Department of Co-operatives

Department of Co-operatives

Department of Co-operatives operates under the Ministry of Employment and Labour Relations.  It derives its powers for the performance of its duties from the provisions of the Co-operative Societies Decree, 1968 (NLCD 252) and the Co-operative Societies Regulations (L.I. 604).
NLCD 252 was promulgated in 1968.  The law has not seen any reform since it was passed.  At the time it was passed, it served its purpose in giving the Registrar wide ranging powers of control over the activities of co-operatives because co-operative development was still at a rudimentary stage.  The co-operative movement in Ghana has since grown.  The control orientation of the law in the sixties no longer holds as trends in worldwide co-operative development favour granting autonomy and independence to co-operatives.  There is, therefore, an urgent need for a radical reform of the law.  A draft which has been updated several times has been available since the 1990sbt successive governments have not promulgated it.


DOC dreams of becoming a credible and well-resourced voice in co-operative policy implementation that ensures that co-operatives contribute significantly to national economic and social development.


Doc exists to create a conducive environment for sustainable co-operative action for employment generation, poverty reduction, community and human resource development.


Statutory Functions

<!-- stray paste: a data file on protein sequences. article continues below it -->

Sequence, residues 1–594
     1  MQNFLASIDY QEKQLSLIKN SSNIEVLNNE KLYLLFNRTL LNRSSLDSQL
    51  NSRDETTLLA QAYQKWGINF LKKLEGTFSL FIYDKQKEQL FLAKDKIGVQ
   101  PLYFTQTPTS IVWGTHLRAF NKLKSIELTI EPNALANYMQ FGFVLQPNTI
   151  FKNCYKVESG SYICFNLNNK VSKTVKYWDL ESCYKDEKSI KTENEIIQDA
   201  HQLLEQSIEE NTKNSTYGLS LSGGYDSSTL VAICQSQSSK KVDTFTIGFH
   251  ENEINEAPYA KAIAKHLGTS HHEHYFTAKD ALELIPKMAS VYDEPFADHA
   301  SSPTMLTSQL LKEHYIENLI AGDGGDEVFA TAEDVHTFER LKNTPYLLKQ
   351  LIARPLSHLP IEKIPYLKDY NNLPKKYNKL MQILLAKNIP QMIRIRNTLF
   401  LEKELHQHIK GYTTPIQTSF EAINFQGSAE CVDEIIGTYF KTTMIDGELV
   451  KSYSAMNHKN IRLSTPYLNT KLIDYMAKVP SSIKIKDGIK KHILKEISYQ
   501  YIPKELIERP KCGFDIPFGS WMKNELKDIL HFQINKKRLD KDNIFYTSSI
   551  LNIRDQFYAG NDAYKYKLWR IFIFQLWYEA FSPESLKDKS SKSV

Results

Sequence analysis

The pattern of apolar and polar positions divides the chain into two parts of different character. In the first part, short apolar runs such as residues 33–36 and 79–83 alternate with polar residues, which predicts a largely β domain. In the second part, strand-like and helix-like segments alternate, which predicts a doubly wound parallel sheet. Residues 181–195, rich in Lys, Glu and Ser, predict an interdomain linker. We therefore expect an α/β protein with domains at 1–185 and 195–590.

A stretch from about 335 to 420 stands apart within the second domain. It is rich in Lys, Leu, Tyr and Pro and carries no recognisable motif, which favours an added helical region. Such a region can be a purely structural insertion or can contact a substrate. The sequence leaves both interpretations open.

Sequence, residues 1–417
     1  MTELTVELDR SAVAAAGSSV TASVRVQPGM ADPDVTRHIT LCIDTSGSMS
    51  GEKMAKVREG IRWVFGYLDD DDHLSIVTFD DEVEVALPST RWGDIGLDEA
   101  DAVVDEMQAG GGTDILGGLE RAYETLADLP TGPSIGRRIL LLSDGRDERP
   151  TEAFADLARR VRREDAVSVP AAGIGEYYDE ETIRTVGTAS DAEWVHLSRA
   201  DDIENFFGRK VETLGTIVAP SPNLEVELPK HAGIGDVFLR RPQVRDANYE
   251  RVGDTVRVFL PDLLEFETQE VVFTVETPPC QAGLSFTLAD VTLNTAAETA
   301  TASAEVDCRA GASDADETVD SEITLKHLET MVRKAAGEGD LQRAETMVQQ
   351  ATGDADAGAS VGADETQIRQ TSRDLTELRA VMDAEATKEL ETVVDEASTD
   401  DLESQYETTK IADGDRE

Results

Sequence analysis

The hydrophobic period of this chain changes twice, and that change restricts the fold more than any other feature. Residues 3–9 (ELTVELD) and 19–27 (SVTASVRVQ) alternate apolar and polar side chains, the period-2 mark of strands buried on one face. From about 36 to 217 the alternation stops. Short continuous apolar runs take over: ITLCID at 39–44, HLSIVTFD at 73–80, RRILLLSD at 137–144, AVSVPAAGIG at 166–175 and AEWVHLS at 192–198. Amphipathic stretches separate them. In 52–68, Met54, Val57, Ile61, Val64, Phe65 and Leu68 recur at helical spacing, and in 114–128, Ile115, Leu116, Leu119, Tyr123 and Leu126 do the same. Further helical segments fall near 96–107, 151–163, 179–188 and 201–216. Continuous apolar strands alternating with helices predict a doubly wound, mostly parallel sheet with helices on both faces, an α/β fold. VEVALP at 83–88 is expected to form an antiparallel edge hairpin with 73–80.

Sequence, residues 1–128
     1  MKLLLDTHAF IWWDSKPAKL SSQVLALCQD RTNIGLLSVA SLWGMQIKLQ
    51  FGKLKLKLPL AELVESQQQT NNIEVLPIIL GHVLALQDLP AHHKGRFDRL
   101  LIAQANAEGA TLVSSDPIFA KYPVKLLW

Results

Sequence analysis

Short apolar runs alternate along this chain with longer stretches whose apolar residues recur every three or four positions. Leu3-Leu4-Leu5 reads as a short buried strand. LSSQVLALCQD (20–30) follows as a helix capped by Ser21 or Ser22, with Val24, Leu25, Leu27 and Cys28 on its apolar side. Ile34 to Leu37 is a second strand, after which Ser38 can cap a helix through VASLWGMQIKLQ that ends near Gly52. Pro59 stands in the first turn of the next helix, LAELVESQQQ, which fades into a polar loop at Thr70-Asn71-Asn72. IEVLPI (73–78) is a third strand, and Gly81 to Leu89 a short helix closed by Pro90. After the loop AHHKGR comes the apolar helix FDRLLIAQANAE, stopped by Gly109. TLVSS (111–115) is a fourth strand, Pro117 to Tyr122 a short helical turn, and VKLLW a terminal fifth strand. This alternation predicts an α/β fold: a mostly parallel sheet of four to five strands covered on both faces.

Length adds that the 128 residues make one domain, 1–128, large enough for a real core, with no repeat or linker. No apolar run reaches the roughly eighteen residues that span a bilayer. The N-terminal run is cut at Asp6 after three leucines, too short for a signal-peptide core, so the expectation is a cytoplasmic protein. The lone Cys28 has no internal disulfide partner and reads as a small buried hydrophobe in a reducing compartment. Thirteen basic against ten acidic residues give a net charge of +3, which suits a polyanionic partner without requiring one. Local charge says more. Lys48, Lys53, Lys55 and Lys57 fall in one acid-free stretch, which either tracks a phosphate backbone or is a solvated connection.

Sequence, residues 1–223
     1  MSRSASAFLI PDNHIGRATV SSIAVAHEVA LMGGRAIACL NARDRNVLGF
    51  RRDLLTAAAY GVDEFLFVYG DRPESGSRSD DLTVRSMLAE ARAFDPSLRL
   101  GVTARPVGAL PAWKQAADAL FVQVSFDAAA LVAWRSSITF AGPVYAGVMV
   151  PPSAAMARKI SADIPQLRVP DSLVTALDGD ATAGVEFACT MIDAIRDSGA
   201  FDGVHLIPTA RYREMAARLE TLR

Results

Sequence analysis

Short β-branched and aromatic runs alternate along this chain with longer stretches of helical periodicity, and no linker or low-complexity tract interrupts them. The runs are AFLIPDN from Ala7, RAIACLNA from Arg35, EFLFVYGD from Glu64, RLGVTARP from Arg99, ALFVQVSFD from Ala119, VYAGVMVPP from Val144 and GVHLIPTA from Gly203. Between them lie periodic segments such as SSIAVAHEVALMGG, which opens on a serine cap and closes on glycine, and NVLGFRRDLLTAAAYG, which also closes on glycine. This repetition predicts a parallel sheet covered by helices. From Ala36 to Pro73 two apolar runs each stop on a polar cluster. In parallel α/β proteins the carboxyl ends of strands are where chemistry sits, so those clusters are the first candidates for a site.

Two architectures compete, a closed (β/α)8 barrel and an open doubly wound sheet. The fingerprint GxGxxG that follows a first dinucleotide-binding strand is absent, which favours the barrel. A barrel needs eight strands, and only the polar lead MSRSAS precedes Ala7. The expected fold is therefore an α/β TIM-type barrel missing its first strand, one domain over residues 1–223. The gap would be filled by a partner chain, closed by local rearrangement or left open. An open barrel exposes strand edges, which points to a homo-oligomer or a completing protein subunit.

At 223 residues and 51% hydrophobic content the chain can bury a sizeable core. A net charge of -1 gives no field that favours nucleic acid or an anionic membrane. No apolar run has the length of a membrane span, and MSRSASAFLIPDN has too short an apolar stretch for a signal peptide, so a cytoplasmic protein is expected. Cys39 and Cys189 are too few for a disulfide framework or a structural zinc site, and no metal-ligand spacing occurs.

• Registration of co-operatives: any group of persons that have as their objective the promotion of their economic interest may be registered as a co-operative with limited liability. Registration is still done manually in an age of rapid advancements in information technology. Information storage and retrieval is, therefore, seriously hampered.
  • Audit, Inspection and Enquiry:  under the current law, the Registrar must audit or cause to be audited, the accounts of all registered co-operatives at least once every year.  Under the proposed reform of the law this function will be divested to private sector audit firms as well as the apex body of the co-operative movement – the Ghana Co-operatives Council.  The Inspection function is crucial to ensure compliance but is currently not being performed effectively because the staffs are few and, more importantly, lack the logistics to move around and to write their reports.  Government budgetary allocations have been dwindling.  Staff numbers have also been dwindling because of a freeze on recruitment and difficulties in replacing retiring staff.
  • Settlement of Disputes: the Registrar may resolve any dispute that touches the business of a co-operative. The Registrar may do this on his/her own or through an arbitrator. Currently, there are no difficulties with performance of this function.

Non-Statutory Functions

  • Group formation: sensitization of potential groups of people on the benefits of co-operatives and their preparation (involving nurturing for a period of time) for registration. This function is currently not being performed well because the staff lack the necessary means of mobility.
  • Attendance at meetings on invitation to offer advice on questions of law and principles of co-operation.
  • Hands-on training in proper keeping of records of operations. Here again, DOC has not been effective because it lacks the logistics to move around as often as they would have wanted to.
    • Promoting the values of group work (advocacy).
  • Education of members of co-operatives on their rights and their responsibilities as members and their roles in the success of the group enterprise.
  • Training of executives and managers of co-operatives in business management and financial appreciation. Not much of this happens at the moment because budgetary allocations are not forthcoming.


Mr. Oscar S. Braimah


Department of Co-operatives
P. O. Box M 150
Accra – Ghana

Contact Details

Phone: +233 (0) 302 666 212 | +233 (0) 302 666 213